e = [2,3,4,5]

position = e(t) = 2 + 3t + 4t^2 + 5t^3

Each term represents a derivation of position (position, velocity, acceleration, jerk, yank, etc). Since objects can move over the x and y axes as well as rotate over the z axis, 3 coefficients are needed for each term. These are described with arrays nested in the equation array. Each contains an x, y and z value.

e = [[2,2.1,2.2] , [3,3.1,3.2] , [4,4.1,4.2] , [5,5.1,5.2]]

position.x = e[x](t) = 2 + 3t + 4t^2 + 5t^3

position.y = e[y](t) = 2.1 + 3.1t + 4.1t^2 + 5.1t^3

position.z = e[z](t) = 2.2 + 3.2t + 4.2t^2 + 5.2t^3

In other words, the equation is made up of coefficient vectors multiplied by exponentially increasing values of time. An EquationAnimator function uses those equations to find the position of each object at a given time and update the stage. That allows the engine to function independently of the actual animation state.

From there, it’s only a matter of making updates due to collisions. My collision algorithms are geometrically based, so they don’t yet function for curved movements (accelerations and further derivations of position), but I’ve plans for that update so hopefully I can get on it pretty soon. The circle-circle collisions, for example, assume each circle to be moving linearly.

Circle-Circle Collision Calculation

The circle-circle collision algorithm takes advantage of relative motion by combining the movement of each circle into a single vector and applying it to one of the circles (resulting in C-static and C-moving). The nearest point to C-static along the trajectory of C-moving is then found by calculating the intersection point of the C-moving trajectory and a line penetrating C-static and perpendicular to the C-moving trajectory. Let’s call that intersection point N.

Circle-Circle Collision Illustration and Physics Math

It is assumed that at the time of collision between these circles, their centers will be separated by a distance equal to the sum of their radii. That means that at the time of collision, a right triangle will exist with 2 vertices at the centers of each circle and 1 vertex at point N. The Pythagorean theorem is then used to calculate the position of C-moving at the time of collision by finding the length of the edge of the triangle opposite the vertex located at the center of C-static (the edge which lies along the C-moving trajectory). The resulting length is the distance between point N and the center of C-moving at the time of collision. That is subtracted from the distance between the center of C-moving at start and point N to give the distance between C-moving at start and C-moving at collision. Finally, that distance is divided by the length of the entire trajectory of C-moving (from start to end) and multiplied by the total change in time (from start to end). The result is the exact time of collision, which can then be applied to position equations to find the exact positions of C-static and C-moving at the time of collision. A vector with magnitude equal to the radius of either circle, and in the direction of the opposite circle, can be added to the center’s position to find the exact point at which collision will occur.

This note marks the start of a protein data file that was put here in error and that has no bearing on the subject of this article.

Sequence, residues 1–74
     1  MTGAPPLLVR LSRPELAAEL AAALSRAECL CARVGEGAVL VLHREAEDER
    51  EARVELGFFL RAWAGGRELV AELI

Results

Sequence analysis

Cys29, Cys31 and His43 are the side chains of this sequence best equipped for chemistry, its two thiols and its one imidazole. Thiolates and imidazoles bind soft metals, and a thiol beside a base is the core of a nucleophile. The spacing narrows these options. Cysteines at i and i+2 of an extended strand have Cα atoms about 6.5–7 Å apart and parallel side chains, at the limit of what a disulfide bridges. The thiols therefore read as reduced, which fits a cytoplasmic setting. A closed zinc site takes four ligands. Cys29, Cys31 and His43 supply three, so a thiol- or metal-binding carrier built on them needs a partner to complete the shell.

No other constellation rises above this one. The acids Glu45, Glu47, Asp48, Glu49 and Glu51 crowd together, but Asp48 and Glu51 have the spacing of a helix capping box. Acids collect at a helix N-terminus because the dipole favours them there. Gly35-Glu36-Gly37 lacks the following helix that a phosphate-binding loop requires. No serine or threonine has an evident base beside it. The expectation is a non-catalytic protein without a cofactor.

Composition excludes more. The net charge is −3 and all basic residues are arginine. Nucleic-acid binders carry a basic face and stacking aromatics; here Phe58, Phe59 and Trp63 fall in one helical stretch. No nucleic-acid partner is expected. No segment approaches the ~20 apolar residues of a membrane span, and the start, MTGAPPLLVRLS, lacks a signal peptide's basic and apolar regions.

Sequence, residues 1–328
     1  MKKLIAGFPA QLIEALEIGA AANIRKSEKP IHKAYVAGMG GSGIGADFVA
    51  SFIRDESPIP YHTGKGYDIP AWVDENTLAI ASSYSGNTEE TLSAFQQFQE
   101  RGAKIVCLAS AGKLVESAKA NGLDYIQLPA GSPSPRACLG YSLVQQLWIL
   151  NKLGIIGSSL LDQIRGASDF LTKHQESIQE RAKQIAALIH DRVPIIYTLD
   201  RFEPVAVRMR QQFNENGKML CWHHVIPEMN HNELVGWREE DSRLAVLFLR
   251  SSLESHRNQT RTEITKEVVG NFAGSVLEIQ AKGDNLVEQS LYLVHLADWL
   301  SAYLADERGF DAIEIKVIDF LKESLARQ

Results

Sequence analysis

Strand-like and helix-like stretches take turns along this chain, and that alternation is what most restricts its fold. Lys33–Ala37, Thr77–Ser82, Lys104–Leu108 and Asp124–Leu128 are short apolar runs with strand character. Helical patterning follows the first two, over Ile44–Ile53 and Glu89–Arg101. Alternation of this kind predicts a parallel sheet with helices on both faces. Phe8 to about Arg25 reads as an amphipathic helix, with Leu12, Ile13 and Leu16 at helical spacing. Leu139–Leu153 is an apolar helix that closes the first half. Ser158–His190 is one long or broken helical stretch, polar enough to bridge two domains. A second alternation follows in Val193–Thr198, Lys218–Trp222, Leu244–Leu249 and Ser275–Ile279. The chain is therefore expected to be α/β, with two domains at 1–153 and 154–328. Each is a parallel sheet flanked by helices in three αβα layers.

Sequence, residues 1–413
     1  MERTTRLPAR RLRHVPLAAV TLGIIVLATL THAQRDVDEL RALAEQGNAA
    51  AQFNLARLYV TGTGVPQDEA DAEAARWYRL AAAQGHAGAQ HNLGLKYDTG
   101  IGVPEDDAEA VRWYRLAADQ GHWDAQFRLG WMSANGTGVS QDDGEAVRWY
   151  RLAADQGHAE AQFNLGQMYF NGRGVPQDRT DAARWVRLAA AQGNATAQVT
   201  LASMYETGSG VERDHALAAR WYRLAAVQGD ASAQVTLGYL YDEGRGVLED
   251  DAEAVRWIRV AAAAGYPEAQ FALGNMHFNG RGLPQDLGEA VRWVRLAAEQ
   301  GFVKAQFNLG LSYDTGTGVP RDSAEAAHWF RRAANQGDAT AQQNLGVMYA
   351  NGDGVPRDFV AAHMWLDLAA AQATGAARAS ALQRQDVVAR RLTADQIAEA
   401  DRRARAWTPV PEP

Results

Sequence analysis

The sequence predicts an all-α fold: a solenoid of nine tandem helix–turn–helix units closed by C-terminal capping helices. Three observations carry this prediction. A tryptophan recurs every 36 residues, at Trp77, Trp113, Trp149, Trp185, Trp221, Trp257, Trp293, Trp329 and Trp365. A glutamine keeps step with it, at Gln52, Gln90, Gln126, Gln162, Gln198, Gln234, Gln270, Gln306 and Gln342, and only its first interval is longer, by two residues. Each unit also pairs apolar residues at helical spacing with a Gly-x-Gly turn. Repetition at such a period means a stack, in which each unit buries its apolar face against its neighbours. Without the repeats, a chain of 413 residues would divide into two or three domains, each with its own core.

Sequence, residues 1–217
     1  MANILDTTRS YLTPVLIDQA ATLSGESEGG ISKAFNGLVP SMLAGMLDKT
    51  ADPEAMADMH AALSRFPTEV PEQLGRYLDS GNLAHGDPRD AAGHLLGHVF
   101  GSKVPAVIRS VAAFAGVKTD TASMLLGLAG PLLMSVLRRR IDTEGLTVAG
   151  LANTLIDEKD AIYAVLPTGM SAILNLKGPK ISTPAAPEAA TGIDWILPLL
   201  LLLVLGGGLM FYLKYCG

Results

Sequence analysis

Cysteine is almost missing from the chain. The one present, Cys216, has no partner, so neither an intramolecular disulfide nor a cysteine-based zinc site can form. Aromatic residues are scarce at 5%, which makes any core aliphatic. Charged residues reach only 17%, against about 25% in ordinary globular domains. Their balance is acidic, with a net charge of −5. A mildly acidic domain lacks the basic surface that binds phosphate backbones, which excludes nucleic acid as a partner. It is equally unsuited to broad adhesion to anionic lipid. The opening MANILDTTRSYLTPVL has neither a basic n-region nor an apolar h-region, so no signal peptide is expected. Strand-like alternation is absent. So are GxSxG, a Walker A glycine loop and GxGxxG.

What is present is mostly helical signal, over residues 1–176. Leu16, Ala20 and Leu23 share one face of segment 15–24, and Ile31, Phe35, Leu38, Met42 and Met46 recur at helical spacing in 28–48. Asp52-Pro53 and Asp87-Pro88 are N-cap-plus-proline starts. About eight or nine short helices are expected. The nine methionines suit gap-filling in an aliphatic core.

This is not just a “detected” collision, it is a calculated result that tells the exact time and place of the collision. Therefore, objects may be moving at any speed and the logic will still apply accurately (as opposed to frame-based or time-stepped logic which only functions accurately at very low speeds or very high framerates). It also saves time because after a collision is known, it never needs to be checked again so the engine doesn’t need to be vigilantly checking objects every frame. Instead, it jumps ahead into the future and continues calculations from there. The downside is that this kind of calculation sucks on your processing power so you need to find ways to stay accurate while only committing to the fewest calculations possible.

Impulses and New Equations